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A sunny morning here in Providence. The office window (well, one of two) is open, and there's a Siamese cat sitting on my desk, watching whatever there is Outside to watch.

Today will be a day on which I make a new beginning for the Next Novel. That's my hope.

Yesterday, conversation about The Wolf Who Cried Girl, and I answered a great mass of accumulated email, and agreed to do an interview for Clarkesworld, and I bowed out of two anthologies (because, presently, there's only time for the novel and Sirenia Digest), and I lay on the bed with Hubero while Spooky read me the first chapter of Shirley Jackson's We Have Always Lived in the Castle (1962; one of the most beautiful books I know).

This morning, I am weary of modernity.

And I'm wondering how the new crop of teens and twentysomethings became so afraid of emotion and the expression thereof.* Did their parents teach them? Did they learn it somewhere else? Is this a spontaneous cultural phenomenon? Are they afraid of appearing weak? Is this capitalism streamlining the human psyche to be more useful by eliminating anything that might hamper productivity? Is it a sort of conformism? I don't know, but I could go the rest of my life and never again hear anyone whine about someone else being "emo," and it would be a Very Good Thing.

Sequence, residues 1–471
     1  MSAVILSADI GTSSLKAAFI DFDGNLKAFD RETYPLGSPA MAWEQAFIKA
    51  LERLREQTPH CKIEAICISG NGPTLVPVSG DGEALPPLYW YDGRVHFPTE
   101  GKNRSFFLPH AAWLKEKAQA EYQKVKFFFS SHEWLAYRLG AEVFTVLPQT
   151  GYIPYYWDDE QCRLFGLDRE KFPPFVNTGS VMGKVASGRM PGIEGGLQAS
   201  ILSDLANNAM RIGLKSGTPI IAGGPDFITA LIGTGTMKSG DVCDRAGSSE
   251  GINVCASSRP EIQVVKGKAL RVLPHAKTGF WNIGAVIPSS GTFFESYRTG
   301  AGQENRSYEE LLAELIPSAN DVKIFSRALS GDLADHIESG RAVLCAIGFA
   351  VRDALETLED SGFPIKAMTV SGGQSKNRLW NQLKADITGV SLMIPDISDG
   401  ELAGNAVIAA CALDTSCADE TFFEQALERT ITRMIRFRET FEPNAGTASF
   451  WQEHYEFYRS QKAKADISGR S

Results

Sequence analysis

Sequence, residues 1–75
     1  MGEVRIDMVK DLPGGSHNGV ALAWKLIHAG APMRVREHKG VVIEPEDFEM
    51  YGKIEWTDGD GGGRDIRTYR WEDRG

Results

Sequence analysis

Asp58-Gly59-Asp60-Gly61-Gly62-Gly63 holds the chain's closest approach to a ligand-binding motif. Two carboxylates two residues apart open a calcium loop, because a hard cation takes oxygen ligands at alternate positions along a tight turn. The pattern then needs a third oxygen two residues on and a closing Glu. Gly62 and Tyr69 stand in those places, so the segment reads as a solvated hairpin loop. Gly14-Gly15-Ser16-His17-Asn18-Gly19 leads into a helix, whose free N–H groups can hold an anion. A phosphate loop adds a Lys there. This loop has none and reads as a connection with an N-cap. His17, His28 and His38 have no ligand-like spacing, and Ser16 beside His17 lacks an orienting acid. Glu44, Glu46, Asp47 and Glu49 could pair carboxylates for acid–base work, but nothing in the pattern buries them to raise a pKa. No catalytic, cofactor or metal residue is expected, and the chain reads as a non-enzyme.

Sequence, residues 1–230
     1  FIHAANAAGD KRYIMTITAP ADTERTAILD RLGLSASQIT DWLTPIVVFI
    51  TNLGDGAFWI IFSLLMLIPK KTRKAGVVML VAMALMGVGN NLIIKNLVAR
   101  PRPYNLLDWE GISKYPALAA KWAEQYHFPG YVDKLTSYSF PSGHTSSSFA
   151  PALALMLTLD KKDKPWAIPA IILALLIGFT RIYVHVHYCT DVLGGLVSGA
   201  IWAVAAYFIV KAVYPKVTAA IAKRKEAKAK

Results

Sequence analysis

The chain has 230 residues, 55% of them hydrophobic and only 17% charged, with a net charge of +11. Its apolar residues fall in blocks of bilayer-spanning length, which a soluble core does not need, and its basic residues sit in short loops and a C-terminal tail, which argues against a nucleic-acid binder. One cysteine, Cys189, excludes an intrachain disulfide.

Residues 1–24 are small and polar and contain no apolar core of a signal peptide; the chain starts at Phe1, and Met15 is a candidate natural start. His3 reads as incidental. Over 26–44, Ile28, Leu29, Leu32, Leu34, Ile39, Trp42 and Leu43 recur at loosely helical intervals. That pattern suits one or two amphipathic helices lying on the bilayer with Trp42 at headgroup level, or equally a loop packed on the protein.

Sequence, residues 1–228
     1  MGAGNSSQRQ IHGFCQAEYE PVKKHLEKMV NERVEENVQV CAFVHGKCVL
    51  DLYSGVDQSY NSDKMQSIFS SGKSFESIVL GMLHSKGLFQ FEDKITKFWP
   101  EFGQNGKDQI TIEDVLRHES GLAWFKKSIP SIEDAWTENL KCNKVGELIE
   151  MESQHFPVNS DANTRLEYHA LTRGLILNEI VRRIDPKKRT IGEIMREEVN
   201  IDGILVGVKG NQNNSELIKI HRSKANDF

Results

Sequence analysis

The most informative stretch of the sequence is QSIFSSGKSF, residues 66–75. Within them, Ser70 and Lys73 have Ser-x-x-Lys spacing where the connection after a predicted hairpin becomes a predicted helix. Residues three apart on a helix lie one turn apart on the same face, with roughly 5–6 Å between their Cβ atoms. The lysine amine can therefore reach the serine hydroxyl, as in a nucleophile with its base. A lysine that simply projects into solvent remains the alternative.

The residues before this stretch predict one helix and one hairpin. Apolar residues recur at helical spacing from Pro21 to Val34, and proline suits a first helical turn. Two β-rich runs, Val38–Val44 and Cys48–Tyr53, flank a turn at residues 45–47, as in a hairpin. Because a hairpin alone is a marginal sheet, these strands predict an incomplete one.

Could anything be more inimical to art than a fear of emotion, or a fear of "excessive" emotion, or a reluctance to express emotion around others? No, of course not. Art can even best the weights of utter fucking ignorance and totalitarian repression, but it cannot survive emotional constipation.

I want a T-shirt that says, "Art is Emo." We live in an age where people are more apt to believe a thing if they read it on a T-shirt.

Last night we watched the new episodes of Fringe and Spartacus: Blood and Titties. Very enjoyable, on both counts.

Now, the platypus calls my name. Here are three photos from Thursday:





Budding tree.



The Armory and Dexter Training Ground. View to the south.



Houses along Dexter Street. View to the east.

Photographs Copyright © 2010 by Kathryn A. Pollnac



*The suggestion has been made that they are so much expressing fear as contempt, and I am open to that possibility, though fear and contempt often go hand in hand.

Comments

thehousesparrow
Apr. 3rd, 2010 07:28 pm (UTC)
Just to add.. I know there's lots of guesses here about what's up with teens today. To be honest, nothing has changed from when any of you were younger. I'm 27 and I cannot remember my teens so clearly, only that my view of the world was very narrowed and I was always focused on how I did not seem to fit in with other people (which was untrue, but I didn't realize it then).

People grow up after a while. You look back on things you did so many years ago and feel stupid, resolve to do better and move on. But sometimes you might also forget what used to make you feel the way you used to, and then you have to fill in the blanks with guesses.